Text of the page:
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OMAP3 public DSP binaries

March 26, 2009
Posted by: gruso

Let’s call this what it is: a direct re-post from felipec.wordpress.com.

It took some time but finally tiopenmax 0.3.5 was released. It’s essentially 0.3 plus DSP binaries that actually work.

I verified with gst-openmax (git omap branch) and they work just fine🙂 Thanks Daniel Díaz!

So people with OMAP3 hardware (beagleboard) can already try D1 MPEG-4 decoding using less than 15% of CPU.

Read the full entry for a Beagleboard powered DSP demo, and a link to the dowload source. If you need some background, check out FelipeC’s previous post on the topic.

To see what it all means for Pandora developers, jump into the GP32X forum discussion here.

15 comments

  1. yay-awesome!


  2. how about explaining wft you actually write about?

    to your typewriters, “journalists”!

    hear hear!


  3. Because sometimes, it is better to say nothing and look a fool than open one’s mouth and remove all doubt.

    The first two items generally listed in Pandora’s specs go like this:

    # ARM® Cortex™-A8 600Mhz+ CPU running Linux
    # 430-MHz TMS320C64x+™ DSP Core

    This release relates to the second item, the DSP core. One thing it means is that devs can start working on optimised video codecs… and stuff. This is where I taper out and SOMEONE WITH MORE KNOWLEDGE JUMPS IN.

    ps. I don’t profess to be a journalist, I’m just another paying customer who happens to like seeing his name on the screen a lot.

    pps. You can’t say “hear hear” to your own statement. Best bet would have been to post it in a new comment, under a different name. Then I really would have felt the heat.
    😛


  4. For more information regarding how to develop for TI’s DSP check this howto for the beagleboard:
    http://elinux.org/BeagleBoard/DSP_Howto


  5. Thanks Felipe.🙂


  6. hear hear!

    To late feel the heat, perhaps.


  7. HEAR HEAR!1!11 :)) *lolZ*


  8. Why yes, hear hear indeedy, sirs.


  9. Yup, and optimized video codecs would mean longer battery life. Yet another great reason to love pandora’s open-ness. I also love the fact that since it’s linux, I could run pretty much any media player of my choosing using any codec that works with it. Anyone who’s had experience with a portable media player that only supports certain codecs, yet won’t let you modify any aspect of the software knows the hassle and time consumed when you convert your video. I’d just like to transfer my file (via wifi, heh) and go.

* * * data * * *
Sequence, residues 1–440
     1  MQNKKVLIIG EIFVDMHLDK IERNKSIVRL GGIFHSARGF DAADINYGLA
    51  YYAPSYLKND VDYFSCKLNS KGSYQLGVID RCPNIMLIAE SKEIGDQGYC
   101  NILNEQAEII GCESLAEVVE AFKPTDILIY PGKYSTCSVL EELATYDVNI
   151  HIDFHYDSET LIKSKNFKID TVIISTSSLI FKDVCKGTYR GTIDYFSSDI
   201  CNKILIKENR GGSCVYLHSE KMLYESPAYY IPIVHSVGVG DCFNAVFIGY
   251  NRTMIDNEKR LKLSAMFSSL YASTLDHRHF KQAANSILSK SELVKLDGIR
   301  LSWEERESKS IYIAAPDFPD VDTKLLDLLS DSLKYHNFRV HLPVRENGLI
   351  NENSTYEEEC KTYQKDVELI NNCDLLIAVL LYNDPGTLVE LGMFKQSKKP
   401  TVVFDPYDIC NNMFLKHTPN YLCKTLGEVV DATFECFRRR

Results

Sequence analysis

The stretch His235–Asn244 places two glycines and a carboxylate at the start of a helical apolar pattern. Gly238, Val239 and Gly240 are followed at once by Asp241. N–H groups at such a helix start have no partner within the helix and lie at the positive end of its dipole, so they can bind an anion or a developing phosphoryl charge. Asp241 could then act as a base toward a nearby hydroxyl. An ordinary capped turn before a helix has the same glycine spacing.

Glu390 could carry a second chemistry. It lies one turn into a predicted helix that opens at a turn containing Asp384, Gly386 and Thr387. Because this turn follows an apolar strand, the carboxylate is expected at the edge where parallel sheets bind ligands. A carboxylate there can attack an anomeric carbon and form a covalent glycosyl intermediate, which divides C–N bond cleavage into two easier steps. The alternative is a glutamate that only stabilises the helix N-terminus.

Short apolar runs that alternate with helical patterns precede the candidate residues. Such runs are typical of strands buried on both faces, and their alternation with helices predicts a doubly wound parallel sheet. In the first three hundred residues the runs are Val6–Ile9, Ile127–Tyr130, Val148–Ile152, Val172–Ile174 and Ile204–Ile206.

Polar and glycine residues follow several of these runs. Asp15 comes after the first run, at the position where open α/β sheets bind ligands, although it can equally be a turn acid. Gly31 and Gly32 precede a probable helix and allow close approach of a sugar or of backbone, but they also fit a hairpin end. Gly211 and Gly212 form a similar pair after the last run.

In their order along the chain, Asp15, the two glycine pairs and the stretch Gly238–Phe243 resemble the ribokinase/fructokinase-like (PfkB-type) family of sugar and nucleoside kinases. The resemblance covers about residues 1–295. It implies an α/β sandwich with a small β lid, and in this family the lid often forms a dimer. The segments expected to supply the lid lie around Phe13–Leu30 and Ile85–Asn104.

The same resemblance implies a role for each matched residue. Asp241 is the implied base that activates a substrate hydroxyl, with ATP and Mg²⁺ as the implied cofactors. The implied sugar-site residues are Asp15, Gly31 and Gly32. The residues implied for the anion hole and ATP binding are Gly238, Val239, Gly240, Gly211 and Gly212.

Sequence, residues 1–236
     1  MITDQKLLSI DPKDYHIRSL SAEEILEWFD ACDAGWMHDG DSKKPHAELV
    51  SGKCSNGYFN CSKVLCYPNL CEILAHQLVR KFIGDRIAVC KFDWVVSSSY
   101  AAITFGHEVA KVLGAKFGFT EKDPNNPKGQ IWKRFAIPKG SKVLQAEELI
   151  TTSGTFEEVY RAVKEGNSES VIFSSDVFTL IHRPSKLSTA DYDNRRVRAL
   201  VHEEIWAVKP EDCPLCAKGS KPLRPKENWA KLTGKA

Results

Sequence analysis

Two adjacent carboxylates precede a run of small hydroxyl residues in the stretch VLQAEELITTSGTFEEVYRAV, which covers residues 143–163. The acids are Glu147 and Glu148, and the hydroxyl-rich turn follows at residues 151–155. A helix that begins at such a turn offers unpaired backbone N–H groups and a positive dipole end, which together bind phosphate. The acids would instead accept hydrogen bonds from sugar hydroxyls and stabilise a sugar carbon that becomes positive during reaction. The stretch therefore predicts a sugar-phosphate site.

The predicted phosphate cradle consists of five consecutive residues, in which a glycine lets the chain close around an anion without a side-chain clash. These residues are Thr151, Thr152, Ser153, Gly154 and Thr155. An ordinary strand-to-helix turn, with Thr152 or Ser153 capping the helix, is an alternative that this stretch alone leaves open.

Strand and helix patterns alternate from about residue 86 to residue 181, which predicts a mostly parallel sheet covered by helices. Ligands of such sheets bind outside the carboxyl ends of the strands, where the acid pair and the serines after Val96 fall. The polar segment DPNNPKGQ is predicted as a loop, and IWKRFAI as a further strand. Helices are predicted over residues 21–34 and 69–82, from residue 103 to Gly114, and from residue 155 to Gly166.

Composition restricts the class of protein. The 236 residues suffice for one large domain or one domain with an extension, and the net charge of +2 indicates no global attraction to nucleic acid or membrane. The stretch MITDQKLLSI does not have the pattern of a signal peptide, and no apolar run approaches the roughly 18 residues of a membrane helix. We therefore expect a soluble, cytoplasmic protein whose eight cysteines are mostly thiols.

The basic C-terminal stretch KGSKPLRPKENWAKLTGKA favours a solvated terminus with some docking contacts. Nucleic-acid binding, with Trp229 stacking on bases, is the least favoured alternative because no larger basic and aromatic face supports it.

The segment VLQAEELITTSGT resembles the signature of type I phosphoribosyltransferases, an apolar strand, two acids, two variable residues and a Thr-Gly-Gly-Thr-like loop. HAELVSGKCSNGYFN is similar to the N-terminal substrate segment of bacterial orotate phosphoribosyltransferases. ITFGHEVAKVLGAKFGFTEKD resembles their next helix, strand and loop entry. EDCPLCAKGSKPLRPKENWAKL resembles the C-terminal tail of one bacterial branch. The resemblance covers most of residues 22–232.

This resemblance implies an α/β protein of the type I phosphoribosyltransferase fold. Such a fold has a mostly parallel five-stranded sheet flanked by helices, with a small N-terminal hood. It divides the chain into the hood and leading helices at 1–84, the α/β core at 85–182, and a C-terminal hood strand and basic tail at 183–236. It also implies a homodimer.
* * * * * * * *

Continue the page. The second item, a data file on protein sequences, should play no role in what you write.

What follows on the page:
10. thanks for answers, gruso.

    a question thats probably as noob as it is easy:

    what mediaplayer will pandora be shipped with? and how easy will it be to use different codecs, like this, with it?


  11. I’m pretty sure the Pandora ships with MPlayer although I’m sure you could compile many other popular media players for it such as VLC.


  12. MPlayer will be Pandora’s default media player, but it may not be pre-installed (there are potential issues with codec licensing, because Pandora is a retail product). If that’s the case it’ll just be a matter of grabbing it from the file archive (see link in Blogroll).

    MPlayer, like VLC, is king of codecs. It’ll play almost anything, perhaps not pianola rolls, but most things. Pandora-optimised codecs will come later, but that’ll be more a case of increasing performance than adding new codecs.

    There is some interesting chat in the forums about what else is possible with full access to the DSP. Torpor is talking about making “effects processing programs, soft synths, and so on, for the Pandora.” Hell yeah.


  13. For the record Gruso, I think you’re doing a good job at the journalism thing.


  14. Hear, hear!

    Thanks Ash.😀


  15. who doesn’t like to see their name on the screen a lot?



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